Eastern and Western Elongations
While Native American stargazers paid close attention to the New Venus to New Venus cycle, they also made careful observations of this planet’s greatest eastern [point I] and western elongation [point E]. In theory, the greatest eastern elongtion is equivalent to the last quarter and the greatest western elongation is equivalent to the first quarter (similar to our lunar phases).
The Meso-American astronomers constructed observatories and temples with specially-placed windows from which they observed these eastern and western elongations. The timing of these elongation moments was carefully recorded for thousands of years.
El Carocol—This is one of several sacred places where the Mayans built observatories aligned with Venus’s position in the sky. This particular observatory near Chichen Itza is also aligned with the summer solstice sunrise and winter solstice sunset.
These ancient stargazers also noted the relationship between maximum elongation and brightness of this planet. A little over a month (37 days) before and after Venus reaches her inferior conjucntion [point A], she reaches maximum brightness as the Evening Star in her waning phase [point J] and as the Morning Star in her waxing phase [point D].
While it is generally understood that Venus is the brightest star in the sky next to the Sun and the Moon, we now understand that this luminosity varies slightly with its position with reference to the Sun and Earth. Her maximum brilliance occurs twice during one Venus cycle, that is, ten times in every five Venus cycles. This tenfold pattern blends harmoniously with the fivefold image Venus portrays in her five-petalled rose pattern.
According to Hunbatz Men, in his book, The 8 Calendars of the Maya, the ancient Mayan people developed and used over 17 different calendars, all of which were synchronized with the sacred calendar, the Tzolk’in. These calendars were based on astrological observations such as the solar and lunar cycles as well as those of other planets, including Mercury, Venus, Mars and Saturn. Observational records of these planetary cycles in relation to Earth were made over hundreds even thousands of years and from this work their calendars were refined and perfected. Hunbatz Men emphatically points out that the Mayan people firmly believe that “...our relationship with nature is firmly connected to our perception of time.”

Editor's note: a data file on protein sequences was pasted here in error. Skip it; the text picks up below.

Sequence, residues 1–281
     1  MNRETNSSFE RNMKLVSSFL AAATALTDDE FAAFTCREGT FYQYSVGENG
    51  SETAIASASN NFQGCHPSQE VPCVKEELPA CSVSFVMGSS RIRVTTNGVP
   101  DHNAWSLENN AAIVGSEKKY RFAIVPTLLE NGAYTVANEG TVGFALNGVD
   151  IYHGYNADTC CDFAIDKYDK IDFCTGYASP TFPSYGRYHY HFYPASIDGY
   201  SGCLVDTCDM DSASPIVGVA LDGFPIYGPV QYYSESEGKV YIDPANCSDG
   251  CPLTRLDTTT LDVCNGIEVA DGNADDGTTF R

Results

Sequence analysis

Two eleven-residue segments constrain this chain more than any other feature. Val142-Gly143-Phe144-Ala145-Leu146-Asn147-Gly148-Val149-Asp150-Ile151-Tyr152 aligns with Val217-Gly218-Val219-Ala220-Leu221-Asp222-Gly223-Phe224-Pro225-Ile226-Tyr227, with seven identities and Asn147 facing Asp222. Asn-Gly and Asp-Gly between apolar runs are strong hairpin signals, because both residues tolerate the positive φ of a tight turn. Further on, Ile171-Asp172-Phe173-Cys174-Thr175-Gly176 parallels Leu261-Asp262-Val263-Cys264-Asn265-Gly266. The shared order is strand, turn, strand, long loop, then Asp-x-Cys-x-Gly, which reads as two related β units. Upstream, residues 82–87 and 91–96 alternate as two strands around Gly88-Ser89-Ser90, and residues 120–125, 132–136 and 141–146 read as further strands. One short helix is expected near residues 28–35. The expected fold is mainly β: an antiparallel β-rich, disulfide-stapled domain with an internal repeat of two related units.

Venus’s Message for Farmers
Based on ancient mythologies, Venus represents the feminine and fertility. Speaking of fertility, our planet is currently at a turning point with respect to health and well-being of the myriad of pollinators, including the honey bees. With the extensive use of pesticides and herbicides throughout the world, there is a direct correlation to a depletion of these pollinators that is closely approaching a critical point. Acknowledging their vital role to transform flowers and stamen into fruit and seed and protecting these pollinators is a clear and undeniable message Venus brings to us today.
Two additional teachings Venus offers are the supreme gifts of beauty and consistency. Her rose-pattern cycle is uncannily identical to the five-petaled flowers of the dicotyledons (flowering plants whose seed have two embryonic leaves or cotyledons). During a period of eight years, five synodical Venus/Earth rotations complete one full cycle. After this eight-year period, the sixth rotation of Venus begins approximately at the same place that the first period started. Consistency and beauty create a sense of harmony that goes beyond words. The beauty of these flowers with five sepals and five petals are a reminder of this spirit/matter connection that Venus reflects.
The properties of the Golden Mean reflect the Venus/Earth cycle of eight Earth years compared to five Venus years. This ratio has not only an aesthetic appeal but also a practical application. When building a barn, house or shed, this golden ratio of five to eight can be incorporated into its dimensions.
It is also worthwhile to observe what goes on during the retrograde periods of Venus. It may be time to inwardly reflect on one’s values, one’s goals, one’s sense of self-worth, at a personal level, a farm level and at a community level. How can we enhance fertility? How can we honour our feminine powers?
Given that Venus takes care of blossoming and how flowers grow, how can we consciously connect with this energetic impulse from the Cosmos?
How is Venus speaking to you? What is she guiding you to perceive? Appreciate? Enjoy? Reflect? Value? What sort of harmonic rhythm can we introduce into our lifestyles to honour this cosmic connection? How has our relationship with nature shifted as we observe and experience each Venus cycle?
Steiner teaches that the most powerful astronomical times occur when Venus is directly behind the Sun, that is, in a superior conjunction and at the same time in the constellation of Scorpio. The following chart outlines one eight-year Venus cycle and identifies when Venus is in Scorpio. Steiner taught that pest control using an ash preparation was best applied when Venus is in Scorpio and behind the Sun.
Article written by Rosemary Tayler and Cesar Gomez, 2015